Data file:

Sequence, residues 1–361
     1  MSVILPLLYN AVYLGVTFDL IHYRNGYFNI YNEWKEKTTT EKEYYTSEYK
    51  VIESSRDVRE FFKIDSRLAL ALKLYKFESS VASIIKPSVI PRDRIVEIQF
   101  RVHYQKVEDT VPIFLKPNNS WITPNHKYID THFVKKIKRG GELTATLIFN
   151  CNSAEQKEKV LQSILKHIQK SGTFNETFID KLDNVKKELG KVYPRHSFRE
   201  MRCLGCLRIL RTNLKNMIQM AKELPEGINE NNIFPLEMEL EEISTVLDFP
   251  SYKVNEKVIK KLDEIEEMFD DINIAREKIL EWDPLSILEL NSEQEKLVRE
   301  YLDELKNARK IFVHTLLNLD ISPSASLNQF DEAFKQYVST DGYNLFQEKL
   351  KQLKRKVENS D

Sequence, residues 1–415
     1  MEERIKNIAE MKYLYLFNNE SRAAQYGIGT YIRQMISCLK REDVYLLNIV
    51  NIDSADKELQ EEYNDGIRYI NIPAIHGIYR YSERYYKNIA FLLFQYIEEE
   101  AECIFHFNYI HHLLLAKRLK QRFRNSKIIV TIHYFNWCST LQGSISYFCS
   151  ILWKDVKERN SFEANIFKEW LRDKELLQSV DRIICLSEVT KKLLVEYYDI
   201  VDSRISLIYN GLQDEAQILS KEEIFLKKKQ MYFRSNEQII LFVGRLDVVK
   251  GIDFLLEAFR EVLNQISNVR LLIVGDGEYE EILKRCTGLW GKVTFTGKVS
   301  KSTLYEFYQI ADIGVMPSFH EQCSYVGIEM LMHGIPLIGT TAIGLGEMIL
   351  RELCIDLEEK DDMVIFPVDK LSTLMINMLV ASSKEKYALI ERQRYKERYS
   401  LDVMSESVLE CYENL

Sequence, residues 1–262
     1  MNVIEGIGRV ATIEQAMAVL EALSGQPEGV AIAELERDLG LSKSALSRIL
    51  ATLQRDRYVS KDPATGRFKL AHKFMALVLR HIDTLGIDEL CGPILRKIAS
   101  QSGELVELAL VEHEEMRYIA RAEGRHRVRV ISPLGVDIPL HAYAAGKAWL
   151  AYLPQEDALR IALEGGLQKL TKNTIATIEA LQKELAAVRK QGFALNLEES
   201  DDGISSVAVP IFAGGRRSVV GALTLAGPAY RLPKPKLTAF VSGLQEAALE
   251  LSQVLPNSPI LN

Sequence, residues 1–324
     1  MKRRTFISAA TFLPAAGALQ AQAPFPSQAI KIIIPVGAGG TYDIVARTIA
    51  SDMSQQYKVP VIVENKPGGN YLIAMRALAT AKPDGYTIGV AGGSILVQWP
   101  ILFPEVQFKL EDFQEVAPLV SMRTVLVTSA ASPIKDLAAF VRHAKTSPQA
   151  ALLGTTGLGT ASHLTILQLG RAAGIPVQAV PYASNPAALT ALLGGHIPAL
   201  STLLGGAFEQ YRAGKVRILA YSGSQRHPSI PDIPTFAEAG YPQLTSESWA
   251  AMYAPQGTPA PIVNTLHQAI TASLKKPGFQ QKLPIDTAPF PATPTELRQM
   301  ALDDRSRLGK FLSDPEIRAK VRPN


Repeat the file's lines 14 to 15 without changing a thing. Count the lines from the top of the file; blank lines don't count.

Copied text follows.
   151  ILWKDVKERN SFEANIFKEW LRDKELLQSV DRIICLSEVT KKLLVEYYDI
   201  VDSRISLIYN GLQDEAQILS KEEIFLKKKQ MYFRSNEQII LFVGRLDVVK